I also did a few articles in earlier years on “Fast Food” One-Stop Family Justice Centers hit San Diego in 2002, Oakland, and London, 2007,” (posted Dec. 2010) and “Dubious Doings by District Attorneys (June 2010)” and “Mrs. O’Malley Goes to Washington: SB-577 Legislating the One-Stop Justice Shop” (May 2011), Mrs. Nancy O’Malley being an Alameda County (SF Bay Area/East Bay, Oakland, Berkeley, etc.) District Attorney, and the O’Malleys being politically active (superior court judges, D.A.’s, etc.) in the area. Here’s Ms. O’Malley’s election statement, taking credit for creating the Alameda County Family Justice Center (actually, the model was borrowed from San Diego). Of which she is, or at least was, very proud:
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Someone got this Evidence. You Could Too. What’s the Follow Up Plan? (Connecticut AFCC/pt.1.)

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APPARENTLY, most people are convinced they can’t keep up with investigative bloggers because the investigation skills are either not there, not being consistently exercised, or because the people that need this most are struggling to handle their own court disasters and are pressed for time — and economically.

**Note: expanded a section after publishing, re: connection between certain protective mothers advocacy speakers, their related nonprofits, the NACC, and billing problems in Connecticut,

Could you put together information like this? Would you have? Have you before?

Washington Times Communities Article, 5/23/2010, by Anne Stevenson

Whether or not, here is an example of what COULD be done, so let’s cut to the chase. What’s up next? More complaining and sarcastic commentary?

Admittedly, it’s not easy. It requires a commitment of time and energy and a focus that says, I’m not going down other dead-end paths. Most of us aren’t independently wealthy, and the type of investigative blogging MOST needed are from individuals with a vital interest in the truth, but who are NOT actual stakeholders in organizations whose very essence depends on a stream of distressed or disgruntled parents. As parents are almost never listed as “stakeholders,” I also say, this should normally be at the minimum, parents who’ve been exposed to the courts, and/or have personally experienced some of the critical issues that drive parents in front of the courts.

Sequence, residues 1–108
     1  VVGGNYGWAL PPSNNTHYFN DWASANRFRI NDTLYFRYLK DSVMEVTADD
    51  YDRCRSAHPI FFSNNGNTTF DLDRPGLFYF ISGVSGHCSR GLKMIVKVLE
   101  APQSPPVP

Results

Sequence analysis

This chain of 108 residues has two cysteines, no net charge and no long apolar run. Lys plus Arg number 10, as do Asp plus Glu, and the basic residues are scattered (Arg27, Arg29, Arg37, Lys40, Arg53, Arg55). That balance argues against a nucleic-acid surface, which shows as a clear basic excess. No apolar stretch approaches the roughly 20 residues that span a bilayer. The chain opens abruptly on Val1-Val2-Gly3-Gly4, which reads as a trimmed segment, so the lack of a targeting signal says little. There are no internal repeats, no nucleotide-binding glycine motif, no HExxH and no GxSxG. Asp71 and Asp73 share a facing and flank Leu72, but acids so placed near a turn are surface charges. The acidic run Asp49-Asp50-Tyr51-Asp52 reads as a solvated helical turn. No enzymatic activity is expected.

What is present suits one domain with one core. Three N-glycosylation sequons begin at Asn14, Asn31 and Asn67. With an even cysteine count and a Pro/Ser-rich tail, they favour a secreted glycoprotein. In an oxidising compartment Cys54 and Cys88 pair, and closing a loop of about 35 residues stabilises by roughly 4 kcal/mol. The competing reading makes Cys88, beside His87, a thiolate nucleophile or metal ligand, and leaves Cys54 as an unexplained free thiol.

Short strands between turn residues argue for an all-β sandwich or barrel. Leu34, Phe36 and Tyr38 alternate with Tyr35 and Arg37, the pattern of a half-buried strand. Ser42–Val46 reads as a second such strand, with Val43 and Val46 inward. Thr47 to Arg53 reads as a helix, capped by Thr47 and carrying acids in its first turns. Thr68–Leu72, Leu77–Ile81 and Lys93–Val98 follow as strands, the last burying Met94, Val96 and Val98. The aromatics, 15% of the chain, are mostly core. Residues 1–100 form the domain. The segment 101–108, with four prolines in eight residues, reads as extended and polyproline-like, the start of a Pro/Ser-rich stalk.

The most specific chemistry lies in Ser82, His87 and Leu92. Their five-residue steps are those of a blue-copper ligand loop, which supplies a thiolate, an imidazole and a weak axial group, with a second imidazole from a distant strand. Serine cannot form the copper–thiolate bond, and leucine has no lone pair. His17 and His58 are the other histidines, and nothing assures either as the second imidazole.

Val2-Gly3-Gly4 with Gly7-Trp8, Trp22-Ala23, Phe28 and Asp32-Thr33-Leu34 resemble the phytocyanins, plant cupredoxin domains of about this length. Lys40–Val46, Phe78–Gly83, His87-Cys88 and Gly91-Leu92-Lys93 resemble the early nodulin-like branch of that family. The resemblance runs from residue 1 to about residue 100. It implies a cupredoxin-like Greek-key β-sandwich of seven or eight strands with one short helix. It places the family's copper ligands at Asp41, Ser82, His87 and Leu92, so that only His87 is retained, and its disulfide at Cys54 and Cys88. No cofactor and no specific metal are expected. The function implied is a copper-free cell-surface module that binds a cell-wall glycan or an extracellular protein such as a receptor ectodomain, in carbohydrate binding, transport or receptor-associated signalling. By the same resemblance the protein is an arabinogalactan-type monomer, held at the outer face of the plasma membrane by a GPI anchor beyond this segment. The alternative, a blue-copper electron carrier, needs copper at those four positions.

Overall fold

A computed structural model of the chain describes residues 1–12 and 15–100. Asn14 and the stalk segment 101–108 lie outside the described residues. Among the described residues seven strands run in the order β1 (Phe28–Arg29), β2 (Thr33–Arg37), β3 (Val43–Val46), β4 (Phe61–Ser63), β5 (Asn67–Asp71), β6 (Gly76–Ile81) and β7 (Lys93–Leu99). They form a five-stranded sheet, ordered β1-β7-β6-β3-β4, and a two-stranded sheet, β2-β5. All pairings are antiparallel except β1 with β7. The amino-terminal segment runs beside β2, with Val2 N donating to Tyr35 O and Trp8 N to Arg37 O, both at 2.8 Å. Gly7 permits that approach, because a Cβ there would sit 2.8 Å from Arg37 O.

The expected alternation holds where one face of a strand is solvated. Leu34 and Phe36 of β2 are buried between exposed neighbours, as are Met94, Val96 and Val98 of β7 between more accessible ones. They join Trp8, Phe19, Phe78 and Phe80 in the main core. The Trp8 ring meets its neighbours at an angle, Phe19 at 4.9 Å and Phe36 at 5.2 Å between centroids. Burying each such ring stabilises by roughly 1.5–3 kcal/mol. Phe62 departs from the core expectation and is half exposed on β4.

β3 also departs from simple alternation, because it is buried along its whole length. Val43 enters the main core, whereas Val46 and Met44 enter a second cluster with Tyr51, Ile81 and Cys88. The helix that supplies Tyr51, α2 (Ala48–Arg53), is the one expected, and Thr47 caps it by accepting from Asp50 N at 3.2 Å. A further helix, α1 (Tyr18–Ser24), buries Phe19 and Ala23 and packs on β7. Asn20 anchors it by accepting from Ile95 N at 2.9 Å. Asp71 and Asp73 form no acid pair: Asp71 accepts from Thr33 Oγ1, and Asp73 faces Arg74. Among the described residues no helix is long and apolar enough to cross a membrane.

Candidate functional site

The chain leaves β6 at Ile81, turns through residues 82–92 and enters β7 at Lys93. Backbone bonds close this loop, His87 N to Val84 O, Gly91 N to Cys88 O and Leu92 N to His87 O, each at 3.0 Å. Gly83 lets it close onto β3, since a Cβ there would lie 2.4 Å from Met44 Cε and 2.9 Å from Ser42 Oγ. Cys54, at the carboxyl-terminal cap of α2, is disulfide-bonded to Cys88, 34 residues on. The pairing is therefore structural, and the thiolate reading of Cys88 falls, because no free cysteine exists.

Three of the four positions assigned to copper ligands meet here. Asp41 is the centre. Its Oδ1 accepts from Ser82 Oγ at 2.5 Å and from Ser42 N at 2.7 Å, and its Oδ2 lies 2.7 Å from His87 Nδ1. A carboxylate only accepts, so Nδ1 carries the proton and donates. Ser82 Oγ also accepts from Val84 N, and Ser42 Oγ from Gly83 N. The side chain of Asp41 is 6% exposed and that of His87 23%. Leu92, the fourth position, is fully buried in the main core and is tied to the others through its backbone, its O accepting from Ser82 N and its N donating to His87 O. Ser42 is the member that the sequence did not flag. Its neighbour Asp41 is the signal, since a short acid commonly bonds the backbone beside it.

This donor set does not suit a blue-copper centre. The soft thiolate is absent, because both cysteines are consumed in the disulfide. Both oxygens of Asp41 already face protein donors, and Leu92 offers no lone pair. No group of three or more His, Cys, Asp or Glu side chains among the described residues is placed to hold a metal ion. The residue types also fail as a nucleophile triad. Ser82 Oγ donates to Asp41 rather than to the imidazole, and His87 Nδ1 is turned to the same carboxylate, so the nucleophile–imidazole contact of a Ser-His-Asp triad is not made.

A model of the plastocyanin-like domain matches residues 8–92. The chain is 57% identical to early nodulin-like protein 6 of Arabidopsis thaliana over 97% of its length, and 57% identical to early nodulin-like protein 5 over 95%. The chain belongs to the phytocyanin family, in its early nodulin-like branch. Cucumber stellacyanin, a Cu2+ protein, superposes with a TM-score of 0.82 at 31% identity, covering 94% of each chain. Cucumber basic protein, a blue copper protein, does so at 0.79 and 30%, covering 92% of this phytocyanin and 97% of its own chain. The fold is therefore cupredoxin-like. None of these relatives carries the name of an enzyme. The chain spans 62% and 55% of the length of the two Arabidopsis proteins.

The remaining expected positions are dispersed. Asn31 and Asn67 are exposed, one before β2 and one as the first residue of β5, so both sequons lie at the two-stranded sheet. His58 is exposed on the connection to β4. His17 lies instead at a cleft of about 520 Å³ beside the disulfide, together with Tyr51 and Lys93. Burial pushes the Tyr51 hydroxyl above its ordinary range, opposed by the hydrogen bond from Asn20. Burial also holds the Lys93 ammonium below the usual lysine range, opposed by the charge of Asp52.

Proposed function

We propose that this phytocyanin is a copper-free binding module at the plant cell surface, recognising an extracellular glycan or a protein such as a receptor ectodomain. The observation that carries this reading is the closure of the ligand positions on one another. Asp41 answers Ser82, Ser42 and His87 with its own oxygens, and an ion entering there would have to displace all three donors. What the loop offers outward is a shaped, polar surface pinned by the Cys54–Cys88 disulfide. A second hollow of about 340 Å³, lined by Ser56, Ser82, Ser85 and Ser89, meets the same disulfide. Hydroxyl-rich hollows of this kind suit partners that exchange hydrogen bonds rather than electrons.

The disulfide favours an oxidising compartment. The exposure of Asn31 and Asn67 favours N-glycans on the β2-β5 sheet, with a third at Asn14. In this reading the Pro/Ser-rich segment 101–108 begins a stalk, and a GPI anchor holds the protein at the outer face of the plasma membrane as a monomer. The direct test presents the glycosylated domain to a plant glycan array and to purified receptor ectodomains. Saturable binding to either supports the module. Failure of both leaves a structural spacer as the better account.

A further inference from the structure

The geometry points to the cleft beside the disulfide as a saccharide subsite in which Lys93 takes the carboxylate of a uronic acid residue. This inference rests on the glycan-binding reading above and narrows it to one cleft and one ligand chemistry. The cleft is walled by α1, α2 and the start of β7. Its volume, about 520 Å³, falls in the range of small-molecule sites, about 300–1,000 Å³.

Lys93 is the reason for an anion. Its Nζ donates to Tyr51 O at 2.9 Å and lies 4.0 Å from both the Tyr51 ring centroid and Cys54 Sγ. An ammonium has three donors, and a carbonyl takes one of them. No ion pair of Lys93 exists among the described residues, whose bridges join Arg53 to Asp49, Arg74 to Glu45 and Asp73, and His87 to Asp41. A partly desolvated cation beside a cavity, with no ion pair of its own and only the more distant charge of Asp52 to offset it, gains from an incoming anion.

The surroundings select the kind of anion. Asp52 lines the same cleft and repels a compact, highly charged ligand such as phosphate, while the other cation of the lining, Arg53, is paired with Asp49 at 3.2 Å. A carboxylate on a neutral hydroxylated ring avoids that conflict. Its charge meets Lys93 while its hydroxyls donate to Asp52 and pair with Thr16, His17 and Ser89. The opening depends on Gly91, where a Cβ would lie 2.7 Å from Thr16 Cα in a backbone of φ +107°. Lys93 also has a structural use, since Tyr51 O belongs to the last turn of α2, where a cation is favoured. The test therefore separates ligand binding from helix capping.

But a subset of this group has to be people who have not lost their minds and/or been recruited into some advocacy group with characteristics a cult-like as the groups we need to report on! And unfortunately, there are a lot of recruiters out there. A sound-minded individual will want proof and not be satisifed with fast, easy or shallow answers.

However, another reason they “can’t” keep up is just an “I won’t” or “I don’t feel like,” or any other number of excuses.

Some would rather sit on comments fields, or sit back and let others do the work, and boo or cheer them, as well as boo or cheer the local judges, or local judges’ ideas, and look for a group to join on-line. So what, really, ask yourself, is the excuse for cheering on good investigative bloggers — but failing to imitate what they do?

“Time’s Up!” for those excuses.


Sure we all have natural talents, mindsets, and skillsets. But — what are you doing with yours?

Too many excuses are no longer valid excuses. Some people tenacity to investigate because they choose to investigate year after year.
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Written by Let's Get Honest

May 28, 2013 at 4:25 pm